During these past months in Ireland we have been reflecting on the legacy of Cardinal Newman and his presence in Ireland to establish the Catholic University. Our Catholic education system is far from producing what Newnan considered the characteristic of a Catholic laity: 'I want a laity, not arrogant, not rash in speech, not disputatious, but men who know their religion, who enter into it, who know just where they stand, who know what they hold and what they do not, who know their creed so well that they can give an account of it, who know so much of history that they can defend it' (The Present Position of Catholics in England, ix, 390).
As Pope Benedict noted in his homily at the Crofton Park Mass at the beatification of Cardinal Newman: "The service to which Blessed John Henry was called involved applying his keen intellect and his prolific pen to many of the most pressing 'subjects of the day'. His insights into the relationship between faith and reason, into the vital place of revealed religion in civilized society, and into the need for a broadly-based and wide-ranging approach to education ……………..continue today to inspire and enlighten many all over the world”.
The Church in Ireland is very lacking in “keen intellects and prolific pens addressing the pressing subjects of the day”. The place of the Church in the current political discussion in Ireland is increasingly marginal. I would say that none of the political parties even thought of seeking the views of the Church around their policies for the current General Election. If anything they would seem to prefer not to be seen in any way to be associated with the Church.
The paradoxical thing is that the farther the Church goes in adapting to the culture of the times, the greater is the danger that it will no longer be able to confront the culture of the time. It will only be able to speak the language of the culture of the day and not the radical newness of the message of the Gospel which transcends all cultures. It could become a type of civil religion, politically correct, but without the cutting edge of the Gospel. There is a difficult path to tread between a fundamentalism which would pretend that the Church can have its own answer to all questions and a lack of courage to take up positions which may be culturally unpopular. The conformism of the mid-twentieth century remained unchallenged because it had support. Every generation has to allow the Gospel to challenge conformism, even a conformism which calls itself progressive.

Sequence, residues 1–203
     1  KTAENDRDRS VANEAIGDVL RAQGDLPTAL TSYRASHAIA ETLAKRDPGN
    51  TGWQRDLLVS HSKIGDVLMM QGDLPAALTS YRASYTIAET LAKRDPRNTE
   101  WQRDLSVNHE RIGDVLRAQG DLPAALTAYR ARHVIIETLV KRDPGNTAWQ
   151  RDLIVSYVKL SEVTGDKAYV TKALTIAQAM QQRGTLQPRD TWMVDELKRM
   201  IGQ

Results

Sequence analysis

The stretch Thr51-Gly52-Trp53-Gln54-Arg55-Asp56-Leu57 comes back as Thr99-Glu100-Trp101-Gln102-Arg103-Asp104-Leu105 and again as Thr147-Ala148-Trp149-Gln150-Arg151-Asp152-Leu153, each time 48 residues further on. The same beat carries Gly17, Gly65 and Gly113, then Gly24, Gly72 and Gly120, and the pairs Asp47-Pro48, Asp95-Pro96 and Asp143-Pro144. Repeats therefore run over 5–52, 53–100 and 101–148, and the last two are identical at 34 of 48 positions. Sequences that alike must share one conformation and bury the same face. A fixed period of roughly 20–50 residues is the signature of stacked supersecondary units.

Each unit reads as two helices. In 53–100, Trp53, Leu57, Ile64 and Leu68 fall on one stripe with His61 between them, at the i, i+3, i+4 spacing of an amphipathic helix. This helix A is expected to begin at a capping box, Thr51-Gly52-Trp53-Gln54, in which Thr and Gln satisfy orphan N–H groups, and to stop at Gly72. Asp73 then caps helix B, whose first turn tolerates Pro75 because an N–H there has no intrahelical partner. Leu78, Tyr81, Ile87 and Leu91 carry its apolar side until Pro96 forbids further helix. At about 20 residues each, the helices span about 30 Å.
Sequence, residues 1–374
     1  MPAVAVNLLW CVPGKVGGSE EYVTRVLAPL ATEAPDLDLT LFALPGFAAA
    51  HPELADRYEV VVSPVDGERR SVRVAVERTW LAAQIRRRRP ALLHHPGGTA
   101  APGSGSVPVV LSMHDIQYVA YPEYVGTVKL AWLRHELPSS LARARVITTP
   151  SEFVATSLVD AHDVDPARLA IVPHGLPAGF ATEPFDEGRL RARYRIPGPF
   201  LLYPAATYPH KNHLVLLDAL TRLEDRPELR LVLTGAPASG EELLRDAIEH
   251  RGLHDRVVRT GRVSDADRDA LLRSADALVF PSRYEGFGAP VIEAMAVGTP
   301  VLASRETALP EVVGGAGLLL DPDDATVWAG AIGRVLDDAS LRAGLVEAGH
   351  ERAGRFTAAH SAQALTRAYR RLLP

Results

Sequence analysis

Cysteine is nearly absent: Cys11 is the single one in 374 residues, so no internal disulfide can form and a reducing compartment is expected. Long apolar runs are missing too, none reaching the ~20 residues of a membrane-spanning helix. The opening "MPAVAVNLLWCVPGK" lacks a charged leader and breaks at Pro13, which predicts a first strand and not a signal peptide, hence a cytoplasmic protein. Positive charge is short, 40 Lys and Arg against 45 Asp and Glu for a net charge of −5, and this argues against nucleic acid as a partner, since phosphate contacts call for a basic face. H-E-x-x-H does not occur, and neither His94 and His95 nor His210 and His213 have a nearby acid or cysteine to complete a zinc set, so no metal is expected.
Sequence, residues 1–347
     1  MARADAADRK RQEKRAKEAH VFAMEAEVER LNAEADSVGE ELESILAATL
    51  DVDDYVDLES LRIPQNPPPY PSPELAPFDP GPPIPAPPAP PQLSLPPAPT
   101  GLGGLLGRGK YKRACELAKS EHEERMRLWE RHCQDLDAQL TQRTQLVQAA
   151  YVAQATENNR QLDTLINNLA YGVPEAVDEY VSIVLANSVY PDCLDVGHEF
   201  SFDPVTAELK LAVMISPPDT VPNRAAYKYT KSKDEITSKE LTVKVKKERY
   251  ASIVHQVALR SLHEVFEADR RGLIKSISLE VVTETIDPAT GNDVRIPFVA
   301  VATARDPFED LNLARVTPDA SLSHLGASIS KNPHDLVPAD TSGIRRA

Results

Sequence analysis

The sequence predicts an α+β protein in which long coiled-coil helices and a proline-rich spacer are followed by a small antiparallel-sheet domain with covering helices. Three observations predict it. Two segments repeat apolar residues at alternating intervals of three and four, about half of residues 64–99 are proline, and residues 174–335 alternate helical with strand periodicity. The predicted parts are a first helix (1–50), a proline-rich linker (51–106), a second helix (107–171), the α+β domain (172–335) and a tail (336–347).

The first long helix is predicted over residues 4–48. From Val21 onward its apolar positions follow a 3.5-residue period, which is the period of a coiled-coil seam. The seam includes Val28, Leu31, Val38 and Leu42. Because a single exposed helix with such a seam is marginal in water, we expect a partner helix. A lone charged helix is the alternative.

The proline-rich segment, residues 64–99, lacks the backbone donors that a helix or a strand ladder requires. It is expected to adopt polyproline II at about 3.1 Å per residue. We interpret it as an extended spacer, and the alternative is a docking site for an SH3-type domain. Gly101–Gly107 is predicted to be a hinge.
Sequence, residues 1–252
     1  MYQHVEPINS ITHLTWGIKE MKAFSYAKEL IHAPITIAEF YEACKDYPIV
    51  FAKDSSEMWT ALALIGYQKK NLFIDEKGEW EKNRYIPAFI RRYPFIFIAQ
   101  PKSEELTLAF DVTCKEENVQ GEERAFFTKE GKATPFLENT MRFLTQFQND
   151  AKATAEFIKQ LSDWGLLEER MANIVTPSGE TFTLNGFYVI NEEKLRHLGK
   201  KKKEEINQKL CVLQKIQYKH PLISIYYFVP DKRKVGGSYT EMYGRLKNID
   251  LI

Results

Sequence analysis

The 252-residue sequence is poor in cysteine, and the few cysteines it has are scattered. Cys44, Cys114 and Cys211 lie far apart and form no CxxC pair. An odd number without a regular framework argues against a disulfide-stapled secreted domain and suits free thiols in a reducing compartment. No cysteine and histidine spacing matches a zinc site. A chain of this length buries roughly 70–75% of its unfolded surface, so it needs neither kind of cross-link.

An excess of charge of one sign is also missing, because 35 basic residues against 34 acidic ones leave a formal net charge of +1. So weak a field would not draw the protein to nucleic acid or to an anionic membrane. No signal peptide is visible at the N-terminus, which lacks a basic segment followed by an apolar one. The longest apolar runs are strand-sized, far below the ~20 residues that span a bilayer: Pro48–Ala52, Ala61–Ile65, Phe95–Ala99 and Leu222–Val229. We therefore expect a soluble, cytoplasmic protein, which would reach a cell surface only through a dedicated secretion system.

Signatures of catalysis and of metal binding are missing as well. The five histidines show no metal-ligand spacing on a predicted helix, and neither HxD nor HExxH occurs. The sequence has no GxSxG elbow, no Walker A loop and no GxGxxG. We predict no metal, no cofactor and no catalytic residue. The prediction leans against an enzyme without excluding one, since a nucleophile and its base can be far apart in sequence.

Since the failure of Newman’s Catholic University project in Ireland the Irish Church has not really found the right path of a balanced Catholic presence in Irish culture. In the past Catholicism dominated. There was no perceived need to have focussed understanding of the role of being Catholic as such in intellectual and cultural life.
In part, this was due to a non-intellectual streak in the religious culture of Ireland, often located within a narrow clericalist framework. In particular, in the years following independence of Ireland in the mid-twentieth century, there developed a flourishing and fruitful collaboration between Church and State in social and education fields, but which due to clericalism and a desire for clerical control often sadly led a blurring of the correct boundaries of the roles of Church and State. The fault lay on both sides. Church leaders were often aided and abetted by politicians and at a particular moment especially by civil servants.
The result is that today Catholic culture in Ireland does not have the prominence or the intellectual leadership that it should have. While still a predominantly a Catholic country, Ireland does not produce a proportionate level of theological research. There are few forums for reflection on the relationship between faith and life. The intellectual level of preparation of future priests is very mixed. There is no Catholic press in Ireland on the level of the Catholic newspapers in France and Italy. There are few writers or artists who would present themselves as Catholic. So much coverage in the Catholic and in the mainstream secular media is only around controversy. I am not saying that controversy should be stifled. The problem is that media coverage of Church controversy can often end-up by being just sterile debate about Church-internal issues. A Church which becomes inward looking will never be one which can bring an insightful Christian message regarding the pressing issues of the day.
The Catholic Church in Ireland will have to learn a new manner of being present in society. Recently, a leader of one of the Protestant Churches in Dublin said to me that all our Churches were now wearing clothes which do not fit well because they had been tailored for us when we were fatter. The answer to today’s real religious challenges is not to seek more fashionable clothes to make us look better, or to follow the trends of the moment. We need functional clothes of the right fit for the current realities which we have to face.